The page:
In recent years a new genre of modern novels has emerged — climate change fiction, or “cli-fi.” It now includes dozens, maybe hundreds of books, some in the science fiction mode, others realistic works set in contemporary times, but with a climate change theme. These books are often entertaining in themselves, but also reflect our society’s effort to come to terms with an impending crisis. We’ll approach these books as literature, but we’ll also talk about the underlying issue of climate change, and what the novels say about it.
The reading list is pretty extensive, dealing with topics other than climate (but have some effect on it): plague, nuclear war, and genetic engineering.
I’ve read a few on the list: Earth Abides is a 1950s tale detailing how some of the planet’s few survivors of a plague make their way in a new world; The Postman (also a film starring Kevin Costner) examines the collapse of society following EMP and biological attacks; and lastly, the world of Do Androids Dream of Electric Sheep? (the basis for the film Blade Runner) has been decimated by radiation poisoning.
Cli-fi disaster scenarios have been popular for decades, but the global warming aspect of the genre has taken precedence over the last 25 years or so.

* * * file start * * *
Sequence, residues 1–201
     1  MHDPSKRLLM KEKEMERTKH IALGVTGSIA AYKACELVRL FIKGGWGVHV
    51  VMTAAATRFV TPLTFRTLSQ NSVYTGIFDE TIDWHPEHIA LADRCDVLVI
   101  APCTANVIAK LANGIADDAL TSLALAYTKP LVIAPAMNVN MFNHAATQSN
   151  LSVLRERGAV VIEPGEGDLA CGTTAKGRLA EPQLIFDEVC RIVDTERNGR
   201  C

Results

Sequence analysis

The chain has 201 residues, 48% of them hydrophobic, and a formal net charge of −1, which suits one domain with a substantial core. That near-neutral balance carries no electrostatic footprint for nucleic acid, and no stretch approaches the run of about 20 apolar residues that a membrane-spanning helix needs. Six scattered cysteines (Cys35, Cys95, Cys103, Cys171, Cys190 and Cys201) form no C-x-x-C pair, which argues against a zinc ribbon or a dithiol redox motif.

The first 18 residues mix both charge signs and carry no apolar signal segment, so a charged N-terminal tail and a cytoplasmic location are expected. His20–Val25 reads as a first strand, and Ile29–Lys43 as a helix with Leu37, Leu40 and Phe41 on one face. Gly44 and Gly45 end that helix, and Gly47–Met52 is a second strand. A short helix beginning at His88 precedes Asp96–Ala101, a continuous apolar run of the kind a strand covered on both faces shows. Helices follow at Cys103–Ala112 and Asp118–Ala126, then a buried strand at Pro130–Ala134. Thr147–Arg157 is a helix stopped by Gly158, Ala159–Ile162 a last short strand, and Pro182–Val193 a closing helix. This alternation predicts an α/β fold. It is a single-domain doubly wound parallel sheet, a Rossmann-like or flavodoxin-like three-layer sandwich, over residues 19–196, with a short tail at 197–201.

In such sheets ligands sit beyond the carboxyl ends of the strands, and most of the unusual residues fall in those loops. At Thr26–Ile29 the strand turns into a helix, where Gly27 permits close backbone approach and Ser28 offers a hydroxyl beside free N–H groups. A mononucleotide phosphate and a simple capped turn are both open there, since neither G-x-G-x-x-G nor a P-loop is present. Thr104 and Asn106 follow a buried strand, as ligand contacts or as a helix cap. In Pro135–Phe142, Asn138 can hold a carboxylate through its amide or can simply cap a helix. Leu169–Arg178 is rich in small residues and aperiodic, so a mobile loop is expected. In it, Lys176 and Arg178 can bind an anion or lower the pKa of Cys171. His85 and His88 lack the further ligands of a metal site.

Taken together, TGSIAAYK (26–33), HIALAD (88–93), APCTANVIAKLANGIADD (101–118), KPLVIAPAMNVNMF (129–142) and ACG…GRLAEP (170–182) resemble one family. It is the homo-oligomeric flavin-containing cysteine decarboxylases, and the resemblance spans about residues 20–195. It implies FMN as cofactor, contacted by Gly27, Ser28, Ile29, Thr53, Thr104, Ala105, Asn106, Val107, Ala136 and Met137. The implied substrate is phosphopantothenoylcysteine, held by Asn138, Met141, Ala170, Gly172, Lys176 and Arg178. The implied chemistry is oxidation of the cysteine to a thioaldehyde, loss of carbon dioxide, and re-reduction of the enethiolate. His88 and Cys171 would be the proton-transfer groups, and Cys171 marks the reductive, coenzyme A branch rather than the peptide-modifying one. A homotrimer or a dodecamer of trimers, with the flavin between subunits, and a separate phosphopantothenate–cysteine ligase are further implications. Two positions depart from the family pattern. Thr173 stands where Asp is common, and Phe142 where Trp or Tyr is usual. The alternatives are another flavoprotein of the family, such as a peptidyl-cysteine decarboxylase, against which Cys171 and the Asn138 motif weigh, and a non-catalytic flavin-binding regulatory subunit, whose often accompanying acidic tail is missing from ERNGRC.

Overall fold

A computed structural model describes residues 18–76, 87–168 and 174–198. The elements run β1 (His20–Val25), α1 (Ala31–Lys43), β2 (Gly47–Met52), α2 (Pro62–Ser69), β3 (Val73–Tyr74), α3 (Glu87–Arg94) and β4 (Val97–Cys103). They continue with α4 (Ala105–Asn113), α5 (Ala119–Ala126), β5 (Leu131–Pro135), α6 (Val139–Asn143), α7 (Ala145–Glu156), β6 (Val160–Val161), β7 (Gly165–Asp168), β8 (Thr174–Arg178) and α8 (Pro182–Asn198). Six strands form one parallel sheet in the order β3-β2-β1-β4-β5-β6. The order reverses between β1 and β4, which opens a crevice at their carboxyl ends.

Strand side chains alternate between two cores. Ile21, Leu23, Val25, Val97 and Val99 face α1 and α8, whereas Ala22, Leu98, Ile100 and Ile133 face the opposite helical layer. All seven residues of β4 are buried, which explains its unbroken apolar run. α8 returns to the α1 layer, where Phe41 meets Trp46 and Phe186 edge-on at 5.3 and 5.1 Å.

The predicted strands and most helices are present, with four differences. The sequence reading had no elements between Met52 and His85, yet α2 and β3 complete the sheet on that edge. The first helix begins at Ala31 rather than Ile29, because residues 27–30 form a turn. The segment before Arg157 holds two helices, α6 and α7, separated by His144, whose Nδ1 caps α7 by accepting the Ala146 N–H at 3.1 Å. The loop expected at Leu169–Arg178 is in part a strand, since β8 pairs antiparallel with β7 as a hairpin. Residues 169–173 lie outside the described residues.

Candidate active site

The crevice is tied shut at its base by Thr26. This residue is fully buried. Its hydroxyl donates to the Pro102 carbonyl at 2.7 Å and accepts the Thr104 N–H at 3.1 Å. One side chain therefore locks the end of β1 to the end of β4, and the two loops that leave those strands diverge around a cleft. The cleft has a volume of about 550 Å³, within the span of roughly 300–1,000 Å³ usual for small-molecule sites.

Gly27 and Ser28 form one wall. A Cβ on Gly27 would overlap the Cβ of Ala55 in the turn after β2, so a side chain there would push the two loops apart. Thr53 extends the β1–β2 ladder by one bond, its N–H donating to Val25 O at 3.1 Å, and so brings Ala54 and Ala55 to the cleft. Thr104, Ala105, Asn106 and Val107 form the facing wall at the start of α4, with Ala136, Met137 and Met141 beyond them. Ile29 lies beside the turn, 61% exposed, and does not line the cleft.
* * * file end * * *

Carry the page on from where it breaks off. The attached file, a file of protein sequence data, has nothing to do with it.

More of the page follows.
One of the more popular stories of the last 10-15 years is The Day After Tomorrow, which features scientist Dennis Quaid attempting, futilely, to persuade an overt Dick Cheney stand-in to “do something” before it’s “too late.”
The film plays on predictable stereotypes — that we’re all doomed unless we act now, and the GOP is comprised of science-hating Luddites and anti-immigrant racists … all the while the “science” that serves as the film’s basis is beyond ridiculous.
Conservatives/Republicans actually aren’t anti-science when it comes to climate change; indeed, they “suffer” from “solution aversion” — when “proposed solutions are ‘more aversive and more threatening to individuals'” than the problem itself.
For example, researchers at Duke found that when free market solutions were proposed to address climate change instead of government regulatory measures, the percentage of conservatives agreeing with statements about global temperature increase more than doubled.
(Note: the same researchers found that progressives suffer from the same malady: they will “deny facts and science too, when the popular solutions and implications are undesirable to them.”)
And hey, isn’t a healthy degree of skepticism a good thing? After all, does anyone recall how pollution and overpopulation were going to be the end of us? A lot of cli-fi from the late 1960s and 1970s proclaimed just this.